Kiribati confronts climate upheaval by preparing for ‘migration with dignity’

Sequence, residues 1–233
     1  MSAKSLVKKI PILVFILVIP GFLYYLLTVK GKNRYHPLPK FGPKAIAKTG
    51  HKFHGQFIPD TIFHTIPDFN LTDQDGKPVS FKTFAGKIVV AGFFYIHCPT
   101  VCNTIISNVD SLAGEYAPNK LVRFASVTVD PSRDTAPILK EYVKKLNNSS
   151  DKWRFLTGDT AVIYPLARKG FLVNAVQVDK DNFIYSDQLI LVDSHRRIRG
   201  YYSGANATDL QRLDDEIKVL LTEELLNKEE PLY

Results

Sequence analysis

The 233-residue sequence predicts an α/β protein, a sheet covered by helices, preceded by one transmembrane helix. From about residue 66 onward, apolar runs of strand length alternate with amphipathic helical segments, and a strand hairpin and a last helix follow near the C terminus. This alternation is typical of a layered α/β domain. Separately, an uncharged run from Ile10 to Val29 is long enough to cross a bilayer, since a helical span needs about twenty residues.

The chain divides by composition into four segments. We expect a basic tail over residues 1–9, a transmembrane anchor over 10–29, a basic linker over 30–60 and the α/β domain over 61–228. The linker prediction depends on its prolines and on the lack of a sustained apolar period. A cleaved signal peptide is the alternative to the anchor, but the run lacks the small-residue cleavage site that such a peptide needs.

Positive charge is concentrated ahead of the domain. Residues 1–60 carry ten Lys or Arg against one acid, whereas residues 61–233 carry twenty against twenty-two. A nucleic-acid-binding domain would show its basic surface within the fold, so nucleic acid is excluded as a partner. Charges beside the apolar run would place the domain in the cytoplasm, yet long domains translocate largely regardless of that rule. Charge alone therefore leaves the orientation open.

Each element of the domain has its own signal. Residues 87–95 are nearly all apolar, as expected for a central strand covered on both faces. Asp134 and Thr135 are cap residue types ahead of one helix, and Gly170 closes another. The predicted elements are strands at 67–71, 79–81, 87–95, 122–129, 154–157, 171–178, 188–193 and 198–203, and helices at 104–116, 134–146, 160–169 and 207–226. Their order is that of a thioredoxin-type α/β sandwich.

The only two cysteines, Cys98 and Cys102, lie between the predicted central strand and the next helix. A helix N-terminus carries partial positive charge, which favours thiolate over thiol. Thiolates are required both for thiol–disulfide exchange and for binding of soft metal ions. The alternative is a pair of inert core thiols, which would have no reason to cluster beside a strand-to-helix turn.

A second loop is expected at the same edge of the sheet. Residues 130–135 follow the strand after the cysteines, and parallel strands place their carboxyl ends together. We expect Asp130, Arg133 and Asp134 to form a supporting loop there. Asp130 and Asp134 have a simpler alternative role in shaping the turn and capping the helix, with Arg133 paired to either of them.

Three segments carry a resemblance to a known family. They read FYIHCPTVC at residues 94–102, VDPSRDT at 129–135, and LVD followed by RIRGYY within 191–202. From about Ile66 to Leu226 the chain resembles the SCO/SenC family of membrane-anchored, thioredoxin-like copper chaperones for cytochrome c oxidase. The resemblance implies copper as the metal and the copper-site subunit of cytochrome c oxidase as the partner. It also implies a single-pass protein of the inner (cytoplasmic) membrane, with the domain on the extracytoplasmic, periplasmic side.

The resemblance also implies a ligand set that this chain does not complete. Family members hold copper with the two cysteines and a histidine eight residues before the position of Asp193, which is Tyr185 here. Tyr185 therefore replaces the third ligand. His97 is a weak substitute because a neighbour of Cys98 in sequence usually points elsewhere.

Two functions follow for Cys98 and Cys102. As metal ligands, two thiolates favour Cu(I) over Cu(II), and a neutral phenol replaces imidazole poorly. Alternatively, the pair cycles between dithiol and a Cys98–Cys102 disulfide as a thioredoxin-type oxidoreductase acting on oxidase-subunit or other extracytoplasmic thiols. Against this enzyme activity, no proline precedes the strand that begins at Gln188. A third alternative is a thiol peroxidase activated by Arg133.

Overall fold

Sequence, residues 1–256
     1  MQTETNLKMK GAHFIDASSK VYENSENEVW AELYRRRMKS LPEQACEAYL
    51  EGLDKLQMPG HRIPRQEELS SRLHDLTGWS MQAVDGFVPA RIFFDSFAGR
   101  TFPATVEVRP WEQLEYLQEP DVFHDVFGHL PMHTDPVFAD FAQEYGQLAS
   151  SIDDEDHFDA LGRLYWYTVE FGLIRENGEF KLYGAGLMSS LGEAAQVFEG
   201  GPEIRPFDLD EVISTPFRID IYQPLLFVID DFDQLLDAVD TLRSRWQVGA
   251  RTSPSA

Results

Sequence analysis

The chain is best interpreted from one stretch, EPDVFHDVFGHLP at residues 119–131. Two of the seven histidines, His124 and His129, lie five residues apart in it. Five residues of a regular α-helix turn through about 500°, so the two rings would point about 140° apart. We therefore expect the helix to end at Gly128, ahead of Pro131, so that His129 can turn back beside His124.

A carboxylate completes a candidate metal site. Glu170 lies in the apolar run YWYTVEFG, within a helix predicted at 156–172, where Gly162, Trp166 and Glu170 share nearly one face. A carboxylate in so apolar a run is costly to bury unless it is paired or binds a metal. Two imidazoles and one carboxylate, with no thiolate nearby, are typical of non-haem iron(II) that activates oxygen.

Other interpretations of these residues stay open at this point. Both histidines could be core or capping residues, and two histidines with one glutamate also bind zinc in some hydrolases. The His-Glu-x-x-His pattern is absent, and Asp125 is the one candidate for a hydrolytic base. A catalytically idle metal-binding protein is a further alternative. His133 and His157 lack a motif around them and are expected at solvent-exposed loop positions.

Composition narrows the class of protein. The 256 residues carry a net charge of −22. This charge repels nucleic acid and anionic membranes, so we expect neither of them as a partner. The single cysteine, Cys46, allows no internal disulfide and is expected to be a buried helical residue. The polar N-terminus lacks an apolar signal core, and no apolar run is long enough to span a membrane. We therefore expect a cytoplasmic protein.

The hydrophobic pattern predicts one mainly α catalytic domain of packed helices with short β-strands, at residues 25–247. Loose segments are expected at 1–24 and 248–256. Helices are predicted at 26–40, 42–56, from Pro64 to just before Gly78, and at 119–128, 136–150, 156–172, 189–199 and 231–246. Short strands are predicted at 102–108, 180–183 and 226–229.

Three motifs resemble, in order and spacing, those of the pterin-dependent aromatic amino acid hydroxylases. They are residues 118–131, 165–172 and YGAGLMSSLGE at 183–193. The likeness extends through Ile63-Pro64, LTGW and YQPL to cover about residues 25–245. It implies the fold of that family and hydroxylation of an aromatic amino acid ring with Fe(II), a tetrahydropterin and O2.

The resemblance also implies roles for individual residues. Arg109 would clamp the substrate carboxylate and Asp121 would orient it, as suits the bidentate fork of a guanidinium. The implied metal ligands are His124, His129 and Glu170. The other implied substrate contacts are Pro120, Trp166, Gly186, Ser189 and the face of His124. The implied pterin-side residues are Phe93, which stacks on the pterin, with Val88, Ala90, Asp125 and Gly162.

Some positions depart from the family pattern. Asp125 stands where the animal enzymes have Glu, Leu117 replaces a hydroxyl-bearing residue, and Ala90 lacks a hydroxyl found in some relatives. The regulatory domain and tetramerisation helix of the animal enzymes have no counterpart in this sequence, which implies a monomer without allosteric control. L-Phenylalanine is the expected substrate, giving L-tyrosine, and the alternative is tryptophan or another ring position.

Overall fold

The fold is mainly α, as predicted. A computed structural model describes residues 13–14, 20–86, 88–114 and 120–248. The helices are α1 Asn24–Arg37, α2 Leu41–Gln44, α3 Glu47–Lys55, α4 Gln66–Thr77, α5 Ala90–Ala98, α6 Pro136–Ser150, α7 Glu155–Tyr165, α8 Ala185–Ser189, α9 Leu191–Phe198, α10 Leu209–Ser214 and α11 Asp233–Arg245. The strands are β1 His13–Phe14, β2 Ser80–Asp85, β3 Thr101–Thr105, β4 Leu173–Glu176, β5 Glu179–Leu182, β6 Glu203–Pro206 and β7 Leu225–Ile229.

first_imgAdaptation To Climate Change, Climate Change, Extreme Weather, Greenhouse Gas Emissions, Human Migration, Impact Of Climate Change, Interns, Islands, Overpopulation, Research Article published by Maria Salazar Popular in the CommunitySponsoredSponsoredOrangutan found tortured and decapitated prompts Indonesia probeEMGIES17 Jan, 2018We will never know the full extent of what this poor Orangutan went through before he died, the same must be done to this evil perpetrator(s) they don’t deserve the air that they breathe this has truly upset me and I wonder for the future for these wonderful creatures. So called ‘Mankind’ has a lot to answer for we are the only ones ruining this world I prefer animals to humans any day of the week.What makes community ecotourism succeed? In Madagascar, location, location, locationScissors1dOther countries should also learn and try to incorporateWhy you should care about the current wave of mass extinctions (commentary)Processor1 DecAfter all, there is no infinite anything in the whole galaxy!Infinite stupidity, right here on earth.The wildlife trade threatens people and animals alike (commentary)Anchor3dUnfortunately I feel The Chinese have no compassion for any living animal. They are a cruel country that as we knowneatbeverything that moves and do not humanily kill these poor animals and insects. They have no health and safety on their markets and they then contract these diseases. Maybe its karma maybe they should look at the way they live and stop using animals for all there so called remedies. DisgustingConservationists welcome China’s wildlife trade banThobolo27 JanChina has consistently been the worlds worst, “ Face of Evil “ in regards our planets flora and fauna survival. In some ways, this is nature trying to fight back. This ban is great, but the rest of the world just cannot allow it to be temporary, because history has demonstrated that once this coronavirus passes, they will in all likelihood, simply revert to been the planets worst Ecco Terrorists. Let’s simply not allow this to happen! How and why they have been able to degrade this planets iconic species, rape the planets rivers, oceans and forests, with apparent impunity, is just mind boggling! Please no more.Probing rural poachers in Africa: Why do they poach?Carrot3dOne day I feel like animals will be more scarce, and I agree with one of my friends, they said that poaching will take over the world, but I also hope notUpset about Amazon fires last year? Focus on deforestation this year (commentary)Bullhorn4dLies and more leisSponsoredSponsoredCoke is again the biggest culprit behind plastic waste in the PhilippinesGrapes7 NovOnce again the article blames companies for the actions of individuals. It is individuals that buy these products, it is individuals that dispose of them improperly. If we want to change it, we have to change, not just create bad guys to blame.Brazilian response to Bolsonaro policies and Amazon fires growsCar4 SepThank you for this excellent report. I feel overwhelmed by the ecocidal intent of the Bolsonaro government in the name of ‘developing’ their ‘God-given’ resources.U.S. allocates first of $30M in grants for forest conservation in SumatraPlanet4dcarrot hella thick ;)Melting Arctic sea ice may be altering winds, weather at equator: studyleftylarry30 JanThe Arctic sea ice seems to be recovering this winter as per the last 10-12 years, good news.Malaysia has the world’s highest deforestation rate, reveals Google forest mapBone27 Sep, 2018Who you’re trying to fool with selective data revelation?You can’t hide the truth if you show historical deforestation for all countries, especially in Europe from 1800s to this day. WorldBank has a good wholesome data on this.Mass tree planting along India’s Cauvery River has scientists worriedSurendra Nekkanti23 JanHi Mongabay. Good effort trying to be objective in this article. I would like to give a constructive feedback which could help in clearing things up.1. It is mentioned that planting trees in village common lands will have negative affects socially and ecologically. There is no need to even have to agree or disagree with it, because, you also mentioned the fact that Cauvery Calling aims to plant trees only in the private lands of the farmers. So, plantation in the common lands doesn’t come into the picture.2.I don’t see that the ecologists are totally against this project, but just they they have some concerns, mainly in terms of what species of trees will be planted. And because there was no direct communication between the ecologists and Isha Foundation, it was not possible for them to address the concerns. As you seem to have spoken with an Isha spokesperson, if you could connect the concerned parties, it would be great, because I see that the ecologists are genuinely interested in making sure things are done the right way.May we all come together and make things happen.Rare Amazon bush dogs caught on camera in BoliviaCarrot1 Feba very good iniciative to be fallowed by the ranchers all overSponsoredcenter_img Climate change impacts and overpopulation are pushing Kiribati citizens to plan for a potential future migration en-masse.Still, many I-Kiribati fear losing cultural identity in the projected exodus of their people to higher land.To make the transition easier, some Kiribati citizens are receiving vocational training to qualify them for employment abroad. High tide keeps getting higher on the islands of the Republic of Kiribati – 33 coral atolls in the Pacific Ocean that rest only a few feet above sea level. In Kiribati culture, Nareau the Creator scattered stones to the north and south to create this mosaic of coral and rock. But, today, the effects of climate change are closing in and there’s no higher land to move to. Even as the atolls shrink, Kiribati’s population grows. The country is experiencing baki-aba: “land hunger.” In 2014, Kiribati president, Anote Tong purchased 20 square kilometers on Vanua Levu, a Fiji island making this the first international land purchase intended for climate refugees.For Kiribati, adapting to climate change might mean relocating entirely.Pacific islanders’ identities are very much tied to their ancestral land, the physical islands on which they live. Migration may mean a national and cultural loss, especially when most traditions are preserved orally.“They worry about the new country and if the people of that country will accept them,” Anterea Claire Anterea, co-founder of Kiri-CAN (Kiribati Climate Action Network International) and well-known climate activist in the country, said.Pacific island nations are some of the most vulnerable spots on Earth from climate change. According to the latest Intergovernmental Panel on Climate Change (IPCC) report, small islands emit less than one percent of global greenhouse gas emissions, but they disproportionately suffer the effects of rising tides, drought, and extreme storms.Today, small island states are often allocating their scarce resources away from economic development towards more immediate climate adaptation measures.For example, sandbags line the shores of Kiribati and causeways are raised to the stop waves from breaking over the Kiribati’s only road. Kiribati also faces more frequent droughts that ruin crops and destroy farmer’s livelihoods. As sea levels rise, citizens worry about saltwater contamination of their freshwater lens – a rain-filled bubble of freshwater that rests below Kiribati’s soil, but still above the ocean water. Exacerbating climate issues, overcrowding in Kirbati’s largest cities has led to poor sanitation and public health problems.Kiribati is made up of 33 atolls, formed from a volcano that sunk into the sea and left behind a ring of coral. South Tarawa, pictured above, is the most populated island, home to about half the population, with more people per square foot than Tokyo, Japan. Photo: Wikimedia commons.Anote Tong, former president of Kiribati, advocates for “migrating with dignity.” This policy was designed to give citizens the tools to relocate legally, finding work in other nations like Australia and New Zealand. Tong prefers this slow and methodical transition to the alternative – moving tens of thousands of citizens at once in response to a catastrophic flood or drought.A planned migration means that I-Kiribati (Kiribati citizens) can move on their own accord, instead of becoming climate refugees – victims of climate change left stateless with questionable legal rights and potentially perceived as burdens on any host country. Colloquially, the term “climate refugee” is used to describe any person leaving their home due to the effects of climate change, i.e. drought, flooding, or extreme weather.Trans-nationally, the term “climate refugee” has no legal clout. That means climate refugees might not have human rights when they migrate to a new nation. In order to be a refugee – by current, global legal standards – a person must be facing political persecution.In 2012, Ioane Teitiota, a Kiribati native, applied for asylum in New Zealand on the grounds that he was unable to grow food or find potable water in Kiribati. The courts eventually rejected the case and Teitiota and his family were deported. Teitiota could not prove persecution.The court conceded that Teitiota met a “sociological” definition of a refugee, but not a legal one. Teitiota has appealed to the United Nations High Commissioner for Human Rights.“First and foremost – let it be known we do not want to [migrate] and become refugees!” Linda Uan said. Uan is a household name in Kiribati, known for co-founding the broadcasting and media production company Nei Tabera Ni Kai Video Unit (NTNK) which shares over 400 stories on climate change and social justice.“To an I-Kiribati mind – it is important to be self-reliant and we’ve been raised that way,” added Uan.“Migration to a new country will not be possible without the means to support oneself.”World Water Day outreach with communities of South Tarawa, who are rapidly losing their freshwater reserves due to salt water intrusion in their freshwater lens. Photo: Claire Anterea.Gaining employable skills will make I-Kiribati (Kiribati citizens) useful contributors to any host country.“If we train our people and they become skilled, then they would migrate with dignity and on merit, they would not be people running away from something,” Tong told Vice News. “They would be migrating, relocating as people with skills as members of communities they go into, even leaders, I hope.”A 2014 Poverty Assessment says that about 2,000 young persons enter the labor force each year in Kiribati. Many seek jobs in other countries. The total unemployment rate in 2010 was 31 percent. In 2011, the government began a program at the Kiribati Institute of Technology for Technical and Vocational Education and Training to “upskill” young persons through carpentry, plumbing, nursing, accounting, and other marketable trades. Over half of young employees are out of work and many are migrating to South Tarawa, Kiribati’s capital, where life is perceived as ‘easier’ than on the outer islands. Others are seafarers or seek seasonal employment as fruit-pickers in Australia or New Zealand.South Tarawa is now home to over half the Kiribati’s 113,000 people and exemplifies how climate change exacerbates poverty in a negative feedback loop. Water security for this overcrowded city is a major concern. I-Kiribati worry that the next drought and salinization will exhaust their supply in the freshwater lens.With limited space and resources, the latest survey, a Household Income and Expenditure Survey in 2006, estimates that almost 22 percent of I-Kiribati live in poverty.And yet, I-Kiribati have no word for “poverty.”“We live simply and happily by what we have,” said Anterea.Kiribati is only one example of how Pacific Island Countries (PICs) disproportionately suffer the consequences of climate change. According to a 2015 World Bank analysis, climate events like rising sea levels and severe weather events cost Pacific Island nations an average of US $284 million every year, making it nearly impossible for them to rise out of poverty.At the International Climate Talks in Paris in December, 2015, Tong brought Kiribati’s climate conundrum to center stage when he stressed that just a 1.5 degree Celsius temperature increase would be catastrophic for Kiribati and other small island developing states (SIDS) – the current Paris Climate Accord has set a goal to keep warming under 2 degrees Celsius from pre-industrial levels. Tong and other leaders also called for compensation from developed nations to help fund climate adaptation measures, but in the end, the Paris Climate Agreement did not contain any basis for liability or compensation.Claire Anterea, climate activist with Kiri-CAN with current president of Kiribati, Taneti Mamau, planting mangrove trees to improve shoreline health and climate resiliency. Photo: Claire Anterea.“Our culture is very strong in helping each other through our family [and] community. If the Developed States have that value in life…then you know that they are real people,” said Anterea. “We need them to start saving our country [by] cutting their emissions.”Kiribati is one of the least developed nations in the world with one of the lowest GDPs and per capita income. Foreign aid – mostly from Taiwan, Japan, Australia, and New Zealand – makes up about a quarter of the country’s GDP and goes towards infrastructure development and public health initiatives.Part of Australia’s aid program is dedicated to giving young I-Kiribati the skills they need to succeed in national or international labor markets. Australia’s Pacific seasonal workers program connects Pacific Islanders with jobs in Australia, typically in rural and remote areas.“Australia understands the potential challenge climate change presents to habitation in the Pacific. We are committed to working on these issues,” a spokesperson for Australia’s Department of Foreign Affairs and Trade spokesperson wrote.To that end, AusAID funded the Kiribati-Australia Nurses Initiative (KANI), which began in 2004 and was canceled in 2014. This $20.8 million dollar investment gave sixty full scholarships for I-Kiribati students to attend school in Brisbane Australia to gain vocational training and employable skills to Australian qualifications. After completion of the program, students were able to stay and work. But most chose to go home afterwards.“Weekly, we’re sending off more people to work on fruit picking, the hospitality industry, seafarers, fishermen etc. Interestingly enough, they’re all very happy to return home after they completed their contracts,” Uan said, speaking of all Kiribati’s labor migrants. “They talked about greener pastures abroad – very good soil, fertile, lots of room for more houses, quality goods, but that was there – not home. Home is good where our loved ones are, where we belong!”Anterea has visited many outer islands to ask them if they would ever migrate because of climate change. Most don’t want to leave their country. She says that both young and old generations worry about losing their traditions.“Our culture is that oral culture that [is] shared from generation to generation. And therefore our local knowledge is passed on from generation to generation by word of mouth. The challenge for preserving [it] will be not easy,” she says.Overcoming cultural and social differences have made it difficult for KANI students to adapt to life in Australia. Many reported homesickness. Students spent three months or more with Australian host families in order to adapt to Australian culture and practice speaking English. However, this assimilation strategy mostly made students feel isolated from one another. I-Kiribati live in bustling households with extended family. To move to an Australian home where they received their own quiet bedroom often exacerbated loneliness.To counter culture shock, a group called the Queensland Kiribati Community Youth took shape In Brisbane. KANI students and a small community of I-Kiribati who married Australians organize cultural events. This community celebrates Kiribati holidays together, performs traditional songs and dances at special events, campaigns for climate justice for I-Kiribati, and alleviates one another’s homesickness by maintaining a comfortable cultural backdrop.Maintaining these cultural practices helps KANI students cling to their identities. Three different waves of students have swept through the program, 87 overall. Some students are still finishing up their schooling. However, the pilot program was discontinued in 2014 due to low completion rates.Sixty-eight students are expected to graduate in total – 64 as registered nurses, 3 as social workers and 1 with a Bachelor’s in Human Services. Sixteen students did not complete schooling to become registered nurses and five students quit before receiving any qualification at all.Researcher Lara K. O’Brien interviewed KANI students for her published review of the initiative. All participants said climate change motivated their decision to join KANI.“Everyone back on the islands is aware of the fact that sea level is rising and that climate is changing, but I don’t know why they don’t have that sort of urge, you know, to panic or to start looking for something to do before the future,” one student told O’Brien. “They just, they’re relaxing and they tell you, ‘Oh, we’d rather die here.’”AusAid is expected to spend $30.9 million to Kiribati in Official Development Assistance in 2017-2018 and they are a major contributor to Kiribati’s Official Developmental Aid. Providing holding tanks for fresh water alleviates concerns over freshwater availability and protects public health. Photo: Wikimedia Commons.Critics say that KANI was not a cost-effective program since it cost on average $237,318 for one student to receive their Bachelor of Nursing. Others tout its successes as a way to send remittances to families on the homeland and prepare I-Kiribati youth for what’s seen as an inevitable migration.Despite the criticisms and its cancellation, KANI is still cited as a model for planned labor migration – the kind that may make for a smoother transition for I-Kiribati.“I believe that the KANI program is effective…because we witness that we have young people from our country that [are] working in Australia and allow them to stay as permanent resident[s]. We also see that they send good money back to help their family and that them young family settle and send their children to good schools in Australia,” said Anterea.The KANI initiative arises from a recent history of Australia-Kiribati cooperation. In 2009, the two countries signed the Kiribati-Australia Partnership for Development, agreeing to work in tandem to raise the standard of living for I-Kiribati by improving basic education and work skills.Australia plans to give $30.9 million to Kiribati in Official Development Assistance in 2017-2018 to increase quality of education, build a healthier population, and implement economic reforms. Other priorities include infrastructure improvements such as road, water, and sanitation projects.KANI was not the first instance of labor migration in Kiribati. In the 1820s, several residents of Gilbert Island (a Kiribati island) were forced into slavery for plantations and agricultural labor in Australia, Fiji, Tahiti, and even as far away as Peru. Some 1,400 Gilbertese were sent to the Solomon Islands. This time, though, I-Kirbatis are determined that the decision to leave Kiribati will be just that – a decision.CITATIONS:O’Brien, L. K. (2013, October 25). MIGRATING WITH DIGNITY”: A STUDY OF THE KIRIBATI-AUSTRALIA NURSING INITIATIVE (KANI). https://kuscholarworks.ku.edu/bitstream/handle/1808/12947/OBrien_ku_0099M_13103_DATA_1.pdf?sequence=1Shaw, L., Edwards, M., & Rimon, A. (2014, February). KANI Independent Review AidWorks Initiative Number: ING466 REVIEW REPORT. Retrieved from https://dfat.gov.au/about-us/publications/Documents/kiribati-australia-nursing-initiative-independent-report.pdflast_img read more